In turn, local elites moved into the civil society space in an attempt to gain access to resources, increasingly building their social legitimacy not on their status as political representatives, but on their renewed alliance with the king through the INDH and the relationships of patronage it allowed them to maintain. The initiative has thus had adverse consequences for local democracy, allowing for the increased influence of unelected state agents, which in turn has eroded parties’ organisational structures. In this way, the state has been able to redeploy its authoritarian power.
In addition, the state’s direct responsibility for development at the national level has not stopped it from approving legislative reforms to channel the development planning process downward within the framework of decentralisation. Local groups have been authorised by elected councils to establish development programmes on the local level, but the continued close oversight of Ministry of Interior representatives has narrowed the margin for autonomous action. Moreover, ministry tutelage entails heightened concern with “control and policing, and prioritises the security approach at the expense of development, re-marketing at the local level the dominant central state model, whose main concern is social control through the various tools at its disposal. As development is overshadowed by the policing function in local dynamics, it is not surprising that these local units remain weak and insignificant, providing services for the benefit of the central state.”
As long as they cannot be free of the control of the local arms of state authority, they will continue to better serve the state than the population they represent.
The state has uneasily combined neoliberal ideology with significant intervention in the economy, leading economic development as part of its monopoly on development as a whole. And, in fact, this may be necessary, since ‘the state is the final guarantor of the conditions necessary for achieving some measure of equality between the poor and the rich. Reducing the state’s footprint means favouring the rich at the expense of the poor’. At the same time, however, this shuts the private sector—the main generator of economic growth—out of the development process; the private sector thus does not contribute to development. Worse still, the state appears to be powerless before private sector practices that hinder development, such as tax evasion, which costs it a not inconsiderable sum that could finance development projects. According to a 2019 report issued by Oxfam Morocco, ‘Morocco loses more than $2.45 billion annually to tax evasion…Some 82% of corporate tax revenue comes from only 2% of companies. This was confirmed by the Ministry of Economy and Finance in the third national debate on taxes held in the same year. According to the ministry, ‘50% of VAT revenues come from just 150 companies. Only 27% of tax declarations end in payment while 0.8% of firms pay 80% of corporate tax’.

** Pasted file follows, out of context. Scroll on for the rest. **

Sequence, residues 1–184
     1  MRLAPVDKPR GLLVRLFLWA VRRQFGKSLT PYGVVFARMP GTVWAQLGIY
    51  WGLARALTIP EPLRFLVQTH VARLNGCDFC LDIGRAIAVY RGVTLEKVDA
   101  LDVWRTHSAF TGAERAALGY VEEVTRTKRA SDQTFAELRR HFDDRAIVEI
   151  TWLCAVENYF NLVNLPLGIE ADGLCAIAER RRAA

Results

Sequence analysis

This reality indicates that local capitalism is parasitic capitalism. It also reflects the desire of the private sector to evade any contribution to development, despite state incentives. Indeed, with the state-owned public sector being chiefly responsible for spearheading development, the private sector bears no responsibility at all for national development. This does not mean, however, that the public sector ably shoulders the responsibility entrusted to it: it either lacks the financial means to expand public investments in productive utilities or social services because of the budget deficit and external debt service, or it is implicated in corruption, which squanders the limited financial resources that do exist.
Since domestic capitalism is imported and not independent, the state cannot break the bonds of foreign economic dependence. Accordingly, it does not possess independent economic decision-making and thus the autonomy to set development objectives, means, and policies. Since it does not truly serve the national economy, capitalism in Morocco is neither nationalist nor developmental. On one hand, being primarily based on rentier economic activities, it hinders development. Moroccan capitalists’ wealth is largely concentrated in trade, brokerage, and franchises instead of industry, which is the true engine of economic development. This means that economic growth depends on capital accumulation rather than production and expansion: ‘Growth is mainly driven by a high investment rate, exceeding 30 per cent of GDP since 2005’. On the other hand, the private sector has virtually no commitment to development. As Yusuf notes, ‘It does not spend on aspects of social responsibility, for example, for scientific research in universities, for the establishment of specialised research centres or the provision grants to researchers and scientists, or to attract skills.’ Even when it engages in some socially beneficial activities, it is typically simply a backdoor to tax evasion.